By Peter Nicholls and Estelle Shirbon
LONDON (Reuters) - The death toll in a fire disaster that destroyed a 24-storey block of flats in London was expected to rise on Thursday, with many people still missing and firefighters facing hazardous conditions as they searched the charred carcass.
Smoke was still wafting out of the shell of the Grenfell Tower on Thursday morning, 30 hours after fire engulfed the building in the early hours of Wednesday and turned it into a huge flaming torch in a matter of minutes.
Authorities have confirmed 12 deaths, but have said that figure would rise. Firefighters rescued 65 people from the building.
Survivors who have lost everything spent the night at emergency shelters, as charities and local support groups were flooded with donations of clothes and bedding from shocked Londoners.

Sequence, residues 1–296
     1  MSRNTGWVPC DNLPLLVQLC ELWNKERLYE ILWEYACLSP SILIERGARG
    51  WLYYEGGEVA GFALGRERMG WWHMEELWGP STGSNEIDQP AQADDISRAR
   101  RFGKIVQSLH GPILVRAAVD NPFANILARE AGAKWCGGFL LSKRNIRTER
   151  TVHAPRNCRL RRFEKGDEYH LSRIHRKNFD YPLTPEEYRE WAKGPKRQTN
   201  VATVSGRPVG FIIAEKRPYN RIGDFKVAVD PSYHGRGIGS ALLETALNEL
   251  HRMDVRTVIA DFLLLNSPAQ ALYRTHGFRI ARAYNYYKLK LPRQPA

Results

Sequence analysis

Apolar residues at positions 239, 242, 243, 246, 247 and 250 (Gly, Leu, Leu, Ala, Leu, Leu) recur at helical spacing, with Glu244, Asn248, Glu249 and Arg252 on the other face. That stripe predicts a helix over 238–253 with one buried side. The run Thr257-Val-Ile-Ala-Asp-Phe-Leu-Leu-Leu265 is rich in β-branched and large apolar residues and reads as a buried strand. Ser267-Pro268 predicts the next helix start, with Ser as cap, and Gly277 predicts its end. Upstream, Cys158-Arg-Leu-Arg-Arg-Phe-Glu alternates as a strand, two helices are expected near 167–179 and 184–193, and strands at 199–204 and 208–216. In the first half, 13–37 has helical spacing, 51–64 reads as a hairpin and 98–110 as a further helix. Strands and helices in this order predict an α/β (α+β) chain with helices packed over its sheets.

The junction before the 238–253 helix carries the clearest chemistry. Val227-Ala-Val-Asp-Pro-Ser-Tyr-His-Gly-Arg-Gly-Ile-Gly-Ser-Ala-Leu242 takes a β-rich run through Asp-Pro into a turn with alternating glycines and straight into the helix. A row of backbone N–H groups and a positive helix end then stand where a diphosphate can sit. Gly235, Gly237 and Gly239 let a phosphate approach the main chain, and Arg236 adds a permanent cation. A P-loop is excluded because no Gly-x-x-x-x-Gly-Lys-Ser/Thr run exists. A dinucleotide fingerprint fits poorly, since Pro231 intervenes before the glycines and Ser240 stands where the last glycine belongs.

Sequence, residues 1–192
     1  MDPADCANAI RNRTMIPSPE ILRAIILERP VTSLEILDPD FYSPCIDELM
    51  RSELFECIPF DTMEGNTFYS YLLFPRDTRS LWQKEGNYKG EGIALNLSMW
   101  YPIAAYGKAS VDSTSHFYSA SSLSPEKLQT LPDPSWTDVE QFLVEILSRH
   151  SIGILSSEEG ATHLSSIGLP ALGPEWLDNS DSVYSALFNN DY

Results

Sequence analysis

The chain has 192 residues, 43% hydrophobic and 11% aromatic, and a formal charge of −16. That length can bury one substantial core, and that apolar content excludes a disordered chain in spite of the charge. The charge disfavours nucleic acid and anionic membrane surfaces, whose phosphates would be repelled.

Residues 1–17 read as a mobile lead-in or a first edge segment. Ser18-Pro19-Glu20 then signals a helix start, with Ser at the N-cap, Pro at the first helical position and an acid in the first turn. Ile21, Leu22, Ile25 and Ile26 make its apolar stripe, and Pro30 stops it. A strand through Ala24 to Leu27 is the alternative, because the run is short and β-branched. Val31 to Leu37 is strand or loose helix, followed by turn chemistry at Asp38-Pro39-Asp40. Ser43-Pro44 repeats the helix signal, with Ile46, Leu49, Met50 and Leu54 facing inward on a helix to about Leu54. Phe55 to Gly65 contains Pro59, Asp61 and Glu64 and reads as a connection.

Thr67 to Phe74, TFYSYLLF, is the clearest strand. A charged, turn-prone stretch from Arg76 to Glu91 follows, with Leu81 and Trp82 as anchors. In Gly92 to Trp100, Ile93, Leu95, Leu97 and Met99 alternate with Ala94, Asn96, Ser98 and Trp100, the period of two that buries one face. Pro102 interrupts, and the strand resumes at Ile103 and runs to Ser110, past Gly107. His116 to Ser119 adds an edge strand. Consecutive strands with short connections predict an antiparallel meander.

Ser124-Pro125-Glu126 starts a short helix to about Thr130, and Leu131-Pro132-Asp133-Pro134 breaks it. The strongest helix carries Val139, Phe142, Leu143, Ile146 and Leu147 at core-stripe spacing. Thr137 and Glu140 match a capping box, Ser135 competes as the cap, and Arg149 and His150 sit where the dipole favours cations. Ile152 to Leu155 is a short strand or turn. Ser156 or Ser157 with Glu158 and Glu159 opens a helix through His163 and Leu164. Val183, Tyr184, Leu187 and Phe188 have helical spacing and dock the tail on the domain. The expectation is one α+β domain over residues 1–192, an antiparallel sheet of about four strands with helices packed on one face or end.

The fire brigade said the inferno was unprecedented in its scale and speed.
The tower, a social housing block built in 1974 in North Kensington, an area of west London, contained 120 flats and was thought to have been home to about 600 people.
Harrowing accounts emerged of people trapped inside as the blaze destroyed everything around them, shouting for help and trying to escape through windows using makeshift ropes made from bedsheets.
By Thursday morning, there was no sign of life in or around the blackened hulk. Security cordons were in place around the base of the tower, where the ground was littered with charred debris.
Outside the cordons, impromptu tributes had appeared, with photos of missing people, messages of condolences, flowers and candles.
Emergency services said it was too early to say what had caused the disaster. Some residents said no alarm had sounded. Others said they had warned repeatedly about fire safety in the block.
The building had recently undergone an 8.7 million pound ($11.08 million) exterior refurbishment, which included new external cladding and windows.
(Reporting by Peter Nicholls, Gerhard Mey and Estelle Shirbon; editing by Guy Faulconbridge)